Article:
Olive Cohen

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Olive Cohen

                                    
was building a church there. The church is now on the Manitoba list of historic places. This church building activity invoked in him a loathing of all things ecclesiastical, a feeling that he passed on to his wife and six children and became a kind of family trait.
        Despite this shared feeling, my grandparents separated when my mother was about four or five years old, and my grandmother, with several of the younger children in tow, moved to Winnipeg. She began using the name “Harrison” an Anglicized version of her maiden name, but given her rudimentary knowledge of English, no one was fooled, and my mother remembered the bigotry shown to the Ukrainian kids in school.
        Partly to escape that, partly to escape her oppressive home life, my mother got involved in music. She joined a mandolin orchestra, took piano lessons, and sang. It was the last skill that changed her life. She won several singing competitions, and by the time she graduated from high school she had representation. For the next 15 years her life was controlled by agents and managers. As she told me “I never had to decide what to wear”. She formed a Duo with fellow Winnipegger Jeanie Pullock, and together they sang on USO tours, on the radio, in the early days of television, and in Vaudeville.
       For a number of years, they were based in New York and were both very popular and highly sought after. My mother also sang in the first New York production of Kurt Weill’s “How Green was my Valley”. Her deep contralto voice was very well-suited to Art song and Lieder and she became increasingly interested in this repertoire and studied with a student of Lilli Lehmann. She was booked to do a one-woman show at a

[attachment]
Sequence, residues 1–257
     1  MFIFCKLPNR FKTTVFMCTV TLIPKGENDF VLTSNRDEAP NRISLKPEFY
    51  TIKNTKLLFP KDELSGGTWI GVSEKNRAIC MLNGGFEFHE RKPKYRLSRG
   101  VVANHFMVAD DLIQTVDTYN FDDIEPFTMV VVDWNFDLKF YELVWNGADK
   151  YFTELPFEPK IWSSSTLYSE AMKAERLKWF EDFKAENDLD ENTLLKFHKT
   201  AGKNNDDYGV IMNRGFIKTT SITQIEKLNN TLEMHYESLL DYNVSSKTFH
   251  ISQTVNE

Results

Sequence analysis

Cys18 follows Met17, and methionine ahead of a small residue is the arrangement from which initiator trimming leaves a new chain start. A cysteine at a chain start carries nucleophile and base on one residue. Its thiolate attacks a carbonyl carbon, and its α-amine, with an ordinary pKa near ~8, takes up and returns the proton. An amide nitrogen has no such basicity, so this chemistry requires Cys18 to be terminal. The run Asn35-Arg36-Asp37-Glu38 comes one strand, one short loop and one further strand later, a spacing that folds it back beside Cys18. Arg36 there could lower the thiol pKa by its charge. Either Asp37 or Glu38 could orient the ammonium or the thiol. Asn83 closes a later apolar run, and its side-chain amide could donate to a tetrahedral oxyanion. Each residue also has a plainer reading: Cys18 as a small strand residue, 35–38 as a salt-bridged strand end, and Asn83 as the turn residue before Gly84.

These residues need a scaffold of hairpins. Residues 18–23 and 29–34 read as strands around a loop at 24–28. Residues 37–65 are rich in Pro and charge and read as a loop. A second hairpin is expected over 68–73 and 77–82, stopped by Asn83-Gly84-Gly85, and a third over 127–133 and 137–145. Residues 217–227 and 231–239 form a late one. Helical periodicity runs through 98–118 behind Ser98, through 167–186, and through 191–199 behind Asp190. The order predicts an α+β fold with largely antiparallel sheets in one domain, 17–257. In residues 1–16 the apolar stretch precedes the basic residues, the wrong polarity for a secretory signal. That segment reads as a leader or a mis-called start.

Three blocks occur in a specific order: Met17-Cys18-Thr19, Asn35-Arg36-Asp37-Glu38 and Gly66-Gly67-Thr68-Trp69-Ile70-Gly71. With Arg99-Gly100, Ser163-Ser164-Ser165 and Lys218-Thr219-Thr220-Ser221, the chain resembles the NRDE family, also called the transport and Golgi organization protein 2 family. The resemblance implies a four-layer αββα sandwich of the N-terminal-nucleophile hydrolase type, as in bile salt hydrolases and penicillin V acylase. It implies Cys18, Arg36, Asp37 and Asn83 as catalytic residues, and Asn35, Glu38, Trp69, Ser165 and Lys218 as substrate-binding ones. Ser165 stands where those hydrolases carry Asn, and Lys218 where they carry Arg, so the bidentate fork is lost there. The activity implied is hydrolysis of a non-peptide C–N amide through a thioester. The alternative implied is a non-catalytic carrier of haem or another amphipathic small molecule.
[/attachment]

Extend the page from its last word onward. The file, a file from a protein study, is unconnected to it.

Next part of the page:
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On this day 100 years ago, in the unincorporated       village of Valley River Manitoba, just outside of         Dauphin, my mother was born to Ukrainian immigrants Petro Grodzik and Afesia Hryhoryshen.   They were in Valley River because my grandfather

Written by Warren Cohen on October 6th, 2022

big nightclub in Montreal, and part of the act involved her singing and playing the piano at the same time. She figured she needed to get her piano chops up, so she decided she needed a few piano lessons. That is how she met my father.     
       Within a year they were married. Her career pretty much dried up after that. Although she had literally no domestic skills or experience, she tried to raise a family in a chaotic environment that included her teaching singing and my father teaching piano lessons in the house. She continued to sing for many years, although not much publicly. The last time I remember her singing in a concert was when I was about 11 years old. She sang some Webern, Berg, and Ravel for the Montreal Morning Music Society. She was still in terrific form. Although she never sang opera publicly, I remember her warming up frequently with a gorgeous rendition of “Mon coeur s’ouvre à ta voix”.
       
        Music was always what made her happy; the various difficulties and tragedies of her life as a wife and mother, roles she was not temperamentally suited for, made her depressed, but I could always cheer her up by engaging her in conversation about some minutiae of vocal technique. She was very much a star, and even at the age of 90, could turn on the star power as soon as there was a camera around. It was stunning to watch.
                       She’s been gone for eight years now, having died just short of her 92nd birthday. Especially with the war in the Ukraine going on, I think of her and her legacy frequently. It’s kind of an amazing journey. I miss her musical advice, and her gentle energy, and always remember that I had a truly remarkable mother.